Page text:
Today I’m going to bring you to the geochemistry lab. On this expedition, both lab techs and four of the five scientists are women – who says science has limited opportunities for women?
The chemists are gathering a plethora of data, from sulfates and nitrates to alkalinity and pH. This is a once-in-a-lifetime opportunity to collect data spanning 5 million years in a crucial region for understanding past climates, so they are collecting samples for everything they think might help them in their investigations, whether current or those that might arise in the future.
However, the key question they want to answer on this expedition is “how did the glacial ocean system work during the last ice age 20,000 years ago?” Current data indicates that the glacial oceans were stratified very differently than the current oceans. Why should anyone (other than the scientists) care about this? Because the ocean is one of the major sink holes for CO2, and the glacial oceans stored much more CO2 than the interglacial oceans do (i.e. more of it is released into the atmosphere during warming periods like now, and CO2 is one of our identified “greenhouse gases”.)
So how are they going to answer this question? Measuring the stratification of our current oceans is relatively simple. CTD’s (like the one pictured here from a NOAA ship) are a common tool on board most oceanographic ships, measuring conductivity, temperature and depth, which then provides an up to date temperature vs. salinity graph at any depth. To get this same graph for the single point in time 20,000 years ago, they need to look at a number of things.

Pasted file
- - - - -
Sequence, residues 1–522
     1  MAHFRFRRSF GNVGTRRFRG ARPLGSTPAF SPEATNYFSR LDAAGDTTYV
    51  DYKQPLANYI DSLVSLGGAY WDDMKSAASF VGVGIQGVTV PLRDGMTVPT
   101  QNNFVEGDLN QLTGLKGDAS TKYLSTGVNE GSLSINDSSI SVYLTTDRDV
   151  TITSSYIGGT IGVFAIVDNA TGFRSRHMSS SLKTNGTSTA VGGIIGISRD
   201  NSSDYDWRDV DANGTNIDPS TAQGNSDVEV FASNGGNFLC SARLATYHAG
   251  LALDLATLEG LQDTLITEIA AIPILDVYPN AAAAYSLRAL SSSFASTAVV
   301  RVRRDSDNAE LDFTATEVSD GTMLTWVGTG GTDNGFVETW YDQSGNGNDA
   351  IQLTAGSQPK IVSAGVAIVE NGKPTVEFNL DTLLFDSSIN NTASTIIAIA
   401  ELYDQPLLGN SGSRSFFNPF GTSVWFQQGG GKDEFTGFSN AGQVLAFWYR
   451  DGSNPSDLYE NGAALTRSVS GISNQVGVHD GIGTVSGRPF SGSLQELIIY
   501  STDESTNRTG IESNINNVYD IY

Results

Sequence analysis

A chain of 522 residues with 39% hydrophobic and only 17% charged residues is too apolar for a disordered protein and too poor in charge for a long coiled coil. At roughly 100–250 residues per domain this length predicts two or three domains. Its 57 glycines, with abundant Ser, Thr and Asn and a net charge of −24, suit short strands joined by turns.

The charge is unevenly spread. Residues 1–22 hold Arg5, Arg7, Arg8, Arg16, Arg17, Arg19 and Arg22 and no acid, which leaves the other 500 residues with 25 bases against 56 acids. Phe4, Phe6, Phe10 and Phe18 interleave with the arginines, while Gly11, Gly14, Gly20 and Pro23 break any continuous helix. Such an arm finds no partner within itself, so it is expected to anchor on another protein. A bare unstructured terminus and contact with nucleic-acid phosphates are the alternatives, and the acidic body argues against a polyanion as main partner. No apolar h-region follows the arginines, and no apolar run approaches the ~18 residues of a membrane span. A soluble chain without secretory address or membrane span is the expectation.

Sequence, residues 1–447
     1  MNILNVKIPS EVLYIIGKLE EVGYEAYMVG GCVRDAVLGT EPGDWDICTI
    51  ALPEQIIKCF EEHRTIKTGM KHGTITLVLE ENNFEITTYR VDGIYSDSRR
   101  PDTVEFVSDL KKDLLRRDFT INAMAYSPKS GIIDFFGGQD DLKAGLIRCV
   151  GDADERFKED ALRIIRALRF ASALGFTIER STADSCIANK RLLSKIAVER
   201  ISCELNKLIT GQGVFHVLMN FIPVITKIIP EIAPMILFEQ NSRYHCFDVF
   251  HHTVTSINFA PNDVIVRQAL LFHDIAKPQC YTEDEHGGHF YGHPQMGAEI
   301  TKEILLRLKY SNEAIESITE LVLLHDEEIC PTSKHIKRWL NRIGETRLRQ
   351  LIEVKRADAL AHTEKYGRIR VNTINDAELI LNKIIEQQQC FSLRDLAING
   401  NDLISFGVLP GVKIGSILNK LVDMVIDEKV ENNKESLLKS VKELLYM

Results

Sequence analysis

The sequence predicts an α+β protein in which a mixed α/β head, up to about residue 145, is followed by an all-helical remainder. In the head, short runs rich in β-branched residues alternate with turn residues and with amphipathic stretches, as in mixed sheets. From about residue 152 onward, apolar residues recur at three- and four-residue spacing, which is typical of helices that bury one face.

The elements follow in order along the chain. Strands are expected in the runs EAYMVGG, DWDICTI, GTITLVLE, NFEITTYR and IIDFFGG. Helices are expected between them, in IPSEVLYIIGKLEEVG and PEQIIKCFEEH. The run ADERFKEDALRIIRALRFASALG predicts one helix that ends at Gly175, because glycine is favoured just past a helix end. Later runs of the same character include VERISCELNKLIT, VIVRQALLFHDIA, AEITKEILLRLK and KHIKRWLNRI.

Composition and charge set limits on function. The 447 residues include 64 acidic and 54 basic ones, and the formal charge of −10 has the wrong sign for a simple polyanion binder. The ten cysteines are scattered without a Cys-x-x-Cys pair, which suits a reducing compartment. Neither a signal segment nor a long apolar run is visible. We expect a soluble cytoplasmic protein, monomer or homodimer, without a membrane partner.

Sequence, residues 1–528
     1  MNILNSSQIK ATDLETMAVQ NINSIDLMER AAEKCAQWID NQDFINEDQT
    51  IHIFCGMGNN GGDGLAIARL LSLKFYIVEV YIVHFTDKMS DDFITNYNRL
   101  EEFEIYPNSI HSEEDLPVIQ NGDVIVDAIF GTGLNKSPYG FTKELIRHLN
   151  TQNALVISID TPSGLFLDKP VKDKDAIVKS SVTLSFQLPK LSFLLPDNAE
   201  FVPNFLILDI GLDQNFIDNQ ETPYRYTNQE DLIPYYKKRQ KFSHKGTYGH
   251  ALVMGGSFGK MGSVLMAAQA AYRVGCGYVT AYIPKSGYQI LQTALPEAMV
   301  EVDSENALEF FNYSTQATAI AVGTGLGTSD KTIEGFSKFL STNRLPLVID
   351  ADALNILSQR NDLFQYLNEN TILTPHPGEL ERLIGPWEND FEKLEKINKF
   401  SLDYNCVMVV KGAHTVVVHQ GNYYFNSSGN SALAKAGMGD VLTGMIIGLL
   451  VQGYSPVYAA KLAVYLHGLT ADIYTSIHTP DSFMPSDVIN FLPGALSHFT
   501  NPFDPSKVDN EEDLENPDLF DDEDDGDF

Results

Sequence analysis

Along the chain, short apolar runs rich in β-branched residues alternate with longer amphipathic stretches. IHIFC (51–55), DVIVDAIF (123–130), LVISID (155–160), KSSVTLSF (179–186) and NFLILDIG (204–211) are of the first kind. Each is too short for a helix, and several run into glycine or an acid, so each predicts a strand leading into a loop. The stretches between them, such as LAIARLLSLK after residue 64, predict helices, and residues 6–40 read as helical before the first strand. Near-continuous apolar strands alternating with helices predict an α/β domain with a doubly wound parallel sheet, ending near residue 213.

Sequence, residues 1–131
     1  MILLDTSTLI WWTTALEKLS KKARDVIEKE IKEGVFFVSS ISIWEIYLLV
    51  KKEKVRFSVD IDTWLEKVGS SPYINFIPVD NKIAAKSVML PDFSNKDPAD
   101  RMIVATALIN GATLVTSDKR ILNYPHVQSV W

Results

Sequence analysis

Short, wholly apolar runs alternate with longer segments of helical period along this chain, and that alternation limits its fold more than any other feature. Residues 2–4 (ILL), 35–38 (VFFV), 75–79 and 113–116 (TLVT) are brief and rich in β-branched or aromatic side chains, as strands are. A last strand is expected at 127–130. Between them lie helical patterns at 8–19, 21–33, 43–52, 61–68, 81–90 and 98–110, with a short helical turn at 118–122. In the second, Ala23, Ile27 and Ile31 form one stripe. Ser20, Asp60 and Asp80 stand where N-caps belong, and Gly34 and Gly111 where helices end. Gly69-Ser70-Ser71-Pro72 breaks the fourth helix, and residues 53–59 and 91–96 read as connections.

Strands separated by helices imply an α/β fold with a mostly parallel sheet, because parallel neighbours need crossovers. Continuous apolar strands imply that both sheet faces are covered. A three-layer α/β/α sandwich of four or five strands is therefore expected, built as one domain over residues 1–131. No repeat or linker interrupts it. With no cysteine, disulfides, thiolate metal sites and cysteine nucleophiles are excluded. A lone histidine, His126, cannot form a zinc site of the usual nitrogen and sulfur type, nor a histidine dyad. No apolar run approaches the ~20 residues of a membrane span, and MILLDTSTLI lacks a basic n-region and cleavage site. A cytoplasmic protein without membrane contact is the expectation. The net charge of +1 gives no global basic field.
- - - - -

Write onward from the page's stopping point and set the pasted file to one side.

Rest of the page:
To get an idea of the temperature of the deep ocean back then, they need to look at the difference between the oxygen isotope concentrations. Like any element, there is a natural, relatively well known ratio of its various isotopes. But when glaciers form, the H2O evaporating out of the ocean and then forming ice tends to contain the lighter oxygen isotope, leaving the heavier oxygen in the ocean water (this also lowers the ocean level and increases salinity, since salt does not evaporate.) However, benthic forams (remember, some of the microfossils from yesterday) also store the heavy oxygen, reflecting the water they live in as well as its temperature. In order to figure out the temperature and salinity, the geochemists have to measure heavy oxygen levels and salinity values in the water they squeeze out of a series of 5cm thick sediment samples extending 150m down. This allows them to create a diffusion profile that they compare with models in order to reconstruct the salinity and oxygen isotope value of the last ice age. They then measure the heavy oxygen levels in the benthic forams from the last ice age. Combining the benthic oxygen value and the water oxygen value provides them with a temperature value. Heck, so easy, right?
This temperature/salinity point will either answer the question of how did the glacial ocean system work, or it will raise a slew of all new questions. Either way, the scientists will undoubtedly be happy!